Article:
31 Aug Nathan Copeland: The First Human Cyborg
36-year-old Nathan Copeland has lived with a brain-computer interface (BCI) for more than seven years and three months. That’s the longest anyone has had an implant like this. A car accident in 2004 left Copeland paralyzed, unable to move or feel his limbs.
That Copeland’s implant is still working and hasn’t caused any significant side effects or complications is promising for the field. In 2014, he joined a study at the University of Pittsburgh for people with significant spinal cord injuries to see whether a BCI could restore some of his lost functionality. These implants translate his neural impulses into commands that allow him to control external devices; a computer, video games, and a robotic arm he can move with just his thoughts. It’s a sign that the devices, which have been developing since the 1960s, are moving closer to commercial reality for patients with severe disabilities.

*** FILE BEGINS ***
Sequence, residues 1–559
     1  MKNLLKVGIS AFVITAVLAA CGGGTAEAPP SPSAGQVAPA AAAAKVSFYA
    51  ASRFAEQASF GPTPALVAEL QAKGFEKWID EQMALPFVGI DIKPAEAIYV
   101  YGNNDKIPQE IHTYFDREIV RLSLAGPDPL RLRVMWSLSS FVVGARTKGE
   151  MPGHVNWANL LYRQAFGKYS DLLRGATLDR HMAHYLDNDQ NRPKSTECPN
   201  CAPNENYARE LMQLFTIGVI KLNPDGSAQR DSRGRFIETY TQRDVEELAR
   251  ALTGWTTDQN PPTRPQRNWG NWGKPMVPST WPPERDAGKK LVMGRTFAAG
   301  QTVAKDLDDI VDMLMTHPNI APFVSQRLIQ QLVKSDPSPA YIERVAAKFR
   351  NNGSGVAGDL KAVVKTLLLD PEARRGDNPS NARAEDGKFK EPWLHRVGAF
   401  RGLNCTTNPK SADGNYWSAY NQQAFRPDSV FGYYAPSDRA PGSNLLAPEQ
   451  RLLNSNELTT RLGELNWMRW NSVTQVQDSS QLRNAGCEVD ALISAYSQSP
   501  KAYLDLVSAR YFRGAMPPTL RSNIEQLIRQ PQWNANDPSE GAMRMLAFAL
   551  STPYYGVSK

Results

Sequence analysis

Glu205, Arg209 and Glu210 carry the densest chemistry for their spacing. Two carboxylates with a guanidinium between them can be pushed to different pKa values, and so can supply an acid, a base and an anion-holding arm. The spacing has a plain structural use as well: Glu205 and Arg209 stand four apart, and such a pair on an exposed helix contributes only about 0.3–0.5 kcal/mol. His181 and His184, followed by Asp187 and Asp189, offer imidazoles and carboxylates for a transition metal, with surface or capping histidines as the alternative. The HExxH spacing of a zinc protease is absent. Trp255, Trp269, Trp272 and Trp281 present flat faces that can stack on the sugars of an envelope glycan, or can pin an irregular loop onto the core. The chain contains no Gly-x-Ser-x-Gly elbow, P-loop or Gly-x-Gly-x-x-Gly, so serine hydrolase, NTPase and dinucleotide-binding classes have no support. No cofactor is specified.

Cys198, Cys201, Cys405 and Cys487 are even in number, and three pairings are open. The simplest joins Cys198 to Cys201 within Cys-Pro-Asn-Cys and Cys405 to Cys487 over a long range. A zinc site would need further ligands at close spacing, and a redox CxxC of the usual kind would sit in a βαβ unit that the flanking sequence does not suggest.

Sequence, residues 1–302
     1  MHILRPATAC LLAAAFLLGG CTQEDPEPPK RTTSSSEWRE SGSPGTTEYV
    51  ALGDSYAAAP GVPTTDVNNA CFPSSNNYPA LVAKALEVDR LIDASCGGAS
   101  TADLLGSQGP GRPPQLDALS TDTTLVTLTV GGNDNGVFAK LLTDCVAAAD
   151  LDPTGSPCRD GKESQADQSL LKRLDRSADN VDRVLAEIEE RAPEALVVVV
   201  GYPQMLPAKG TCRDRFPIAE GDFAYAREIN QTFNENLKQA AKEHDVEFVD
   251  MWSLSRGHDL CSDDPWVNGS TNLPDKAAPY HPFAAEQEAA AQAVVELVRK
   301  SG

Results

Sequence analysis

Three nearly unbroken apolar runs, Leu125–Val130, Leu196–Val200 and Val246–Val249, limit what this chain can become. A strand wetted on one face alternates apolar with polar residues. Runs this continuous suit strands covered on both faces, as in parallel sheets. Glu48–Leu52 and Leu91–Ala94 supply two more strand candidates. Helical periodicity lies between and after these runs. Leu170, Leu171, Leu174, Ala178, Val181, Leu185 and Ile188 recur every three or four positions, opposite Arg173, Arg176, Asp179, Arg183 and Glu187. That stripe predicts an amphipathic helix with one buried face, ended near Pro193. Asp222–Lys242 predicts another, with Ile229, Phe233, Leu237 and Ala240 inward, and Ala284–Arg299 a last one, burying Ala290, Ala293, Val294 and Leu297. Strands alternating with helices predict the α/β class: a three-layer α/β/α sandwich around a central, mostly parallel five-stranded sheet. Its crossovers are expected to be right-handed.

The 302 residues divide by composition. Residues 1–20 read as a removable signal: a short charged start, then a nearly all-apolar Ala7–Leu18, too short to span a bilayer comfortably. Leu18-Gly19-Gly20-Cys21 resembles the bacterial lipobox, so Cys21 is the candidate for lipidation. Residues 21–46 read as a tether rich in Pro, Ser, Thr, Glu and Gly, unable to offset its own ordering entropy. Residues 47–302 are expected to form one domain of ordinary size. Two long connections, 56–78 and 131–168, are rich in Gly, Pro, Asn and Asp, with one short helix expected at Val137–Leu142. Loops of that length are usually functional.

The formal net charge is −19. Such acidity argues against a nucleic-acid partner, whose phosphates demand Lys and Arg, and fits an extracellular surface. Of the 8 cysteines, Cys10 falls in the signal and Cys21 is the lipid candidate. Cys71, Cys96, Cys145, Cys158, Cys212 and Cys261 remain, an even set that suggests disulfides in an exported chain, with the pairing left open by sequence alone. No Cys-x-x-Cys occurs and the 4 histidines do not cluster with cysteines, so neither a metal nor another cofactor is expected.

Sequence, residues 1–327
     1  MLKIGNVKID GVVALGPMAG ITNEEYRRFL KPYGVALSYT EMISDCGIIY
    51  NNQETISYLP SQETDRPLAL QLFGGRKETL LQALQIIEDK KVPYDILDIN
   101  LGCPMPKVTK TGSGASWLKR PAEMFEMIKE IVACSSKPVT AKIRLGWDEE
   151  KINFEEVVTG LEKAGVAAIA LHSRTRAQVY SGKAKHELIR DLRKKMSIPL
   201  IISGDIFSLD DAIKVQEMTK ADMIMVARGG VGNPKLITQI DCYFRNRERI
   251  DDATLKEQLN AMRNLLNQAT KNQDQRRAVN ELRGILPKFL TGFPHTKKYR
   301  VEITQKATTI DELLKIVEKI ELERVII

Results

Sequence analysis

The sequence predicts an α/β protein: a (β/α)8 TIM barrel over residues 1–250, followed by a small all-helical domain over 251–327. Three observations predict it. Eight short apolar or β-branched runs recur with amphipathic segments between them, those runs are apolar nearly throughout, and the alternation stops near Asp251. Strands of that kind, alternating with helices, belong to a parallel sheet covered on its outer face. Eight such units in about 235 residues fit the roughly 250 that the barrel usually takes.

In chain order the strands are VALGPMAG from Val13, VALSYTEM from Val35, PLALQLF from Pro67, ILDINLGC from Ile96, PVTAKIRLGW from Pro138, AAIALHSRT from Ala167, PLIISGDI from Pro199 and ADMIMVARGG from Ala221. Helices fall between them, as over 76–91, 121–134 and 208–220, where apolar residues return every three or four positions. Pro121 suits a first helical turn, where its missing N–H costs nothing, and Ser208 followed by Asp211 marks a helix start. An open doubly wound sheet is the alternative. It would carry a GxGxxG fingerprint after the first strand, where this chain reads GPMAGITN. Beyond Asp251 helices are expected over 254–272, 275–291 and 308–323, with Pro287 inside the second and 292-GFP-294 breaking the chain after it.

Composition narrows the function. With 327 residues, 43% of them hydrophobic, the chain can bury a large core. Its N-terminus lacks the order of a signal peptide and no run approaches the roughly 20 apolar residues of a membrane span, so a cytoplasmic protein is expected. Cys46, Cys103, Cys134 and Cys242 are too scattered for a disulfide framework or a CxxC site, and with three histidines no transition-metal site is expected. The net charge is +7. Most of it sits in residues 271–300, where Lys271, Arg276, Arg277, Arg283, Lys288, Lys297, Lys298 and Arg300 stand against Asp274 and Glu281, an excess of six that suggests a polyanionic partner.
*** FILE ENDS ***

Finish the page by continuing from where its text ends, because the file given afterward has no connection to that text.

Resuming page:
However, questions remain about the long-term durability of the implanted arrays -how much their performance will erode over time and whether they could be upgraded. In Copeland’s case, his displays are still working, but not as well as in the first year after being implanted. “The body is a complicated place to put electronics and engineered systems into. It’s an aggressive environment, and the body is always trying to get rid of these things,” says Robert Gaunt, a biomedical engineer at the University of Pittsburgh and a Copeland’s research team member.
Nonetheless, scientists are trying to make implants last longer by experimenting with different materials. Some resources are trying out softer materials that may be able to better integrate into the brain than the rigid Utah Array.